“Drink?” Miranda asked.
“Sure. Just one, though. My shrink would be pissed over more than that,” she said offhandedly and completely without guile.
For the moment, Miranda let the comment pass without digging. She glanced around, and an eager waiter moved rapidly toward their table. “What can I get you?” he asked, leaning down.
Andrea narrowed her gaze as she looked over the menu. “Might take me a minute.”
“Not a problem. For you, Miranda?” he asked. Andrea’s eyes widened very briefly, probably that they knew her by name.
“The Clean Shave,” Miranda replied.
Andrea laughed as she searched out the ingredients of that one. “Cayenne?” she said, smiling.
“I like a little heat.” She had enjoyed most of the cocktails on the menu, and had a part in selecting the ingredients in this particular concoction. They’d asked to call it the Miranda P, but she had given an unequivocal no.
Quickly scanning the rest of the extensive menu, Andrea settled on something Miranda approved of. “The Astoria.”
When the waiter was gone, Andrea sat back against the chair, the fireplace flickering gently behind her.
“Your shrink?” Miranda prodded, finally giving in to her curiousity.
Andrea did not hesitate. “I had wine earlier, and I’m on medication. I’m supposed to be careful.”
“Are you sure you can have one?”
“I am. I don’t drink much since I went on meds, but I make an exception now and then.”
Miranda decided that it was not worth it to pretend that she was not interested in what was happening in Andrea’s life, so she asked, “What are you taking?”
Andrea gazed at her thoughtfully, as though she had expected nothing less. “Prozac, every day, for a while. Ativan when I need it, which isn’t often.”
“Mm,” Miranda said, tilting her head. She was familiar. “For post traumatic stress, I take it.”
Chuckling, Andrea leaned forward and closed her eyes. “You are very perceptive.”
“Not so perceptive. Your history is quite public.” And she had two daughters, one of whom had gone through her own bout of anxiety not long after entering high school.
As they sat together in silence, it was not particularly uncomfortable. Miranda considered why that was; it had been so, so long since they’d known one another, but to her mind, it may have well been minutes rather than nearly a decade. Surely, they’d never been friends, or even friendly. They’d certainly never been equals, but it felt closer to that now. Close enough for Miranda to open her mouth and ask to see her, and have Andrea answer yes. It had been comforting to hear her say the word, and know that there was no sense of obligation behind it. Andrea owed Miranda nothing, and would gain nothing from a simple conversation at a quiet speakeasy.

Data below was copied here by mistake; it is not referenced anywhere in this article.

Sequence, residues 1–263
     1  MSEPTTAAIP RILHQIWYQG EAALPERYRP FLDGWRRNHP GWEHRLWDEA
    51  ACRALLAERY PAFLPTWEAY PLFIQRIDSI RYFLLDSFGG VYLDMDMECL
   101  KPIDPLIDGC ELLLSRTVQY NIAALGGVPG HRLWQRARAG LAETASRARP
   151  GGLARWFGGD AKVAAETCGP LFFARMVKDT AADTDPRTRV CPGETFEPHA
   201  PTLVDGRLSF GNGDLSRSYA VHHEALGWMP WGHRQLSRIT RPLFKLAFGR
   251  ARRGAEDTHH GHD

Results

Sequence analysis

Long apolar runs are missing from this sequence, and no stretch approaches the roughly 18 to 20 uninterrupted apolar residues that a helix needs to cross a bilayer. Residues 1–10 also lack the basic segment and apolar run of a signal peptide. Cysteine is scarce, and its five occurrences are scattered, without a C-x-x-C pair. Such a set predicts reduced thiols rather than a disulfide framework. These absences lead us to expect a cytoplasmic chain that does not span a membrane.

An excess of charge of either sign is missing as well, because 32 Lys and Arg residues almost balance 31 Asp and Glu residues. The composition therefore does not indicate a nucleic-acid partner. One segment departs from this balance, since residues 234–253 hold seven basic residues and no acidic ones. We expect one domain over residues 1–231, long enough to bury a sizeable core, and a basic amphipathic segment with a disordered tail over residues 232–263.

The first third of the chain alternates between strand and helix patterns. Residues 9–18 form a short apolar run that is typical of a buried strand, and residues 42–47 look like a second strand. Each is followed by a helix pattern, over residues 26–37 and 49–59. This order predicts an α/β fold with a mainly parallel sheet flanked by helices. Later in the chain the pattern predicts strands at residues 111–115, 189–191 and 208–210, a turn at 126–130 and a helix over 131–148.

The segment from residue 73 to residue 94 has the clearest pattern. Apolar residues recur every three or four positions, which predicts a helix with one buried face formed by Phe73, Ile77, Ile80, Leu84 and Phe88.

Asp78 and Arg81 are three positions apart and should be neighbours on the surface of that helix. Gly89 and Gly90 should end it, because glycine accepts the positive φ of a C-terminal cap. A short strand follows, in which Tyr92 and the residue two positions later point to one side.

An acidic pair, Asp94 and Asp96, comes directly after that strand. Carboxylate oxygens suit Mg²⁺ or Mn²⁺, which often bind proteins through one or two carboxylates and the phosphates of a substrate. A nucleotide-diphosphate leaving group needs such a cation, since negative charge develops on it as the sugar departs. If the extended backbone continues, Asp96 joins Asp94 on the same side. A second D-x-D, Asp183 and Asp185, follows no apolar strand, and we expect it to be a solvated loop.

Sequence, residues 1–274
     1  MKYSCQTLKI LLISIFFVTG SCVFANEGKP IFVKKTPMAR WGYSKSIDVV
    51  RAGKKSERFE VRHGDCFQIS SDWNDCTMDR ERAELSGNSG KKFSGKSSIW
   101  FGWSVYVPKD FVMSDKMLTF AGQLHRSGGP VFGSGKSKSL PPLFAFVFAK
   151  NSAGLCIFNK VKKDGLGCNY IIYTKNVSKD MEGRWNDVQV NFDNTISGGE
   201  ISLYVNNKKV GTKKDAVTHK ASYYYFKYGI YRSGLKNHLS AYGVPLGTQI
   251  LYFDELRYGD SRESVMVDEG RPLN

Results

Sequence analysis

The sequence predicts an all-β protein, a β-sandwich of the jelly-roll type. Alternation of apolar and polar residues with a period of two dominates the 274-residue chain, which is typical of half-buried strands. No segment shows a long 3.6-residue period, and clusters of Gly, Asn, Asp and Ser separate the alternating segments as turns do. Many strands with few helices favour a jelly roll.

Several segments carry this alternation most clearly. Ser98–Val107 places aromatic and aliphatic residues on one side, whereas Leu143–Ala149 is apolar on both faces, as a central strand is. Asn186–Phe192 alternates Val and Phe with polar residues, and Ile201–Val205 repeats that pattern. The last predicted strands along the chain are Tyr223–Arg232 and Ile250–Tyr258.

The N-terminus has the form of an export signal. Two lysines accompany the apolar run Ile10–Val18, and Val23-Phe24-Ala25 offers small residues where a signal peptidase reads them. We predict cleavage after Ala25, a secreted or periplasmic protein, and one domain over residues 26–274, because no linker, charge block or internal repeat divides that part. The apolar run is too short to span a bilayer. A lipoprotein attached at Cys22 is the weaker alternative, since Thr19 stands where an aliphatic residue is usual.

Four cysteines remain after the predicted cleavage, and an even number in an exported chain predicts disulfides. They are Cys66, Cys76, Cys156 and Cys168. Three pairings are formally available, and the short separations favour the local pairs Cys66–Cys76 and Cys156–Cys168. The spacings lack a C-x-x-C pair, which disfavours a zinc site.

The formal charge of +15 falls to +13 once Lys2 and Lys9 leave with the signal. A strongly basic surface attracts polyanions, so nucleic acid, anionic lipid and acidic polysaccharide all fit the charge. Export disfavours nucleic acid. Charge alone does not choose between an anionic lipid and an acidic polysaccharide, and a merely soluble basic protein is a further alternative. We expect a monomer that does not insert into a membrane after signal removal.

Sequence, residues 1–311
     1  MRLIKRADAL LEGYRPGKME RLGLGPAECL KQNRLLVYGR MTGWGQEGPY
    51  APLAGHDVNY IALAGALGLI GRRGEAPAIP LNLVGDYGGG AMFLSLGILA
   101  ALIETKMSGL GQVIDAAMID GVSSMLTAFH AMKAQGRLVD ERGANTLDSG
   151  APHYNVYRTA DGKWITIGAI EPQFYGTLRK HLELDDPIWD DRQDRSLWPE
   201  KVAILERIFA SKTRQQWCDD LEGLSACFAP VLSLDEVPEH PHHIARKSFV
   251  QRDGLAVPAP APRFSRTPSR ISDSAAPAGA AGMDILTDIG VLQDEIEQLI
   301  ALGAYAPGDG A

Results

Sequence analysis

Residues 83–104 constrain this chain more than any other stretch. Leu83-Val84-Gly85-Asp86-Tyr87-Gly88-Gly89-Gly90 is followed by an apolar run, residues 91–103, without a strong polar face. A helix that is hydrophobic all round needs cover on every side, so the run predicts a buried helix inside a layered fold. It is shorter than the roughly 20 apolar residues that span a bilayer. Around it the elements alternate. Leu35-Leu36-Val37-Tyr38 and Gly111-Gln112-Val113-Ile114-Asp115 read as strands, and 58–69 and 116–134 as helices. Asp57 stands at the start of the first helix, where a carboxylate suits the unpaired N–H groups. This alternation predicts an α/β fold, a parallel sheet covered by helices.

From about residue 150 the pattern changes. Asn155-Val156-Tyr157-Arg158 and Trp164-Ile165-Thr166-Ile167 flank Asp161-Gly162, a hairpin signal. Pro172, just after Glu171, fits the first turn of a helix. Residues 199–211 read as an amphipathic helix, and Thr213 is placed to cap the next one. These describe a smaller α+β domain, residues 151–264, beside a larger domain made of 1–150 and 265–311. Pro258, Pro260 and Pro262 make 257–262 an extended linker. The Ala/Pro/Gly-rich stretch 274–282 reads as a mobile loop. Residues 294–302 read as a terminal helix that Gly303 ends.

The drinks arrived. Miranda sipped, rolling the gin around, tasting the heat before swallowing. That first sip from a fresh glass always gave her head a little chill of pleasure. She observed Andrea as she did the same and nodded in satisfaction. “I like this place,” she said. “It’s quiet, and very cool. Not pretentious.”
Miranda smirked. “Pretentious?”
“I didn’t think a hotel bar would be nearly empty this time of night. But it’s relaxing.”
“That’s why I chose it. Time has changed the city very much, Andrea. And it seems to have changed you as well.”
“That’s true.” She gazed at Miranda with inquisitive eyes. “It’s strange to be here, with you.” As she placed her glass down on the table, she looked away. “It’s really good to see you, which is the big surprise. I used to be so terrified of you. Not even of what you’d do to me if I screwed up when I was an assistant.” She smiled as though remembering something. “Back then, the consequences seemed moot. It was just you. Your presence overwhelmed me. Now it’s… kind of a relief. I don’t know why I’m telling you this, by the way. I’ve been having kind of a weird time lately but this is good. Tonight’s been really… good.”
So whatever had drawn them to one another after so many years was mutual. Miranda nodded. “For me too.”
Andrea’s eyebrow lifted; surprise and pleasure broke over her face in a wave. “Honestly?”
Andrea bobbed her head. “I’m glad. ”
For a long time, they sat quietly together. It was calming, Miranda found, to have a companion who didn’t say a single thing to her. She didn’t have to make polite conversation, or answer questions, or seem interested. Andrea appeared to feel the same. After what seemed ages, Miranda experienced something unusual: she was drowsy. Pleasantly so. If only she could drop her head to the back to the chair and doze. It was past midnight, and only then did she realize the place was empty. Their server sat behind the bar, as though perfectly happy to read on his phone as they sighed and blinked silently. Only then did it occur to her that Andrea might be sleepy as well. The dark circles she had expertly covered for the event were starting to show through her makeup.
“You look tired,” Miranda said, and the sound of her voice startled Andrea out of a trance.
“I do, don’t I.” She brushed her hair behind her ear. “I don’t sleep much anymore.” The way her mouth dropped open told Miranda she had not expected to say the words.
Ah, Miranda thought. No wonder they felt so at home together. Birds of a feather. “Interesting. Is it garden variety insomnia?”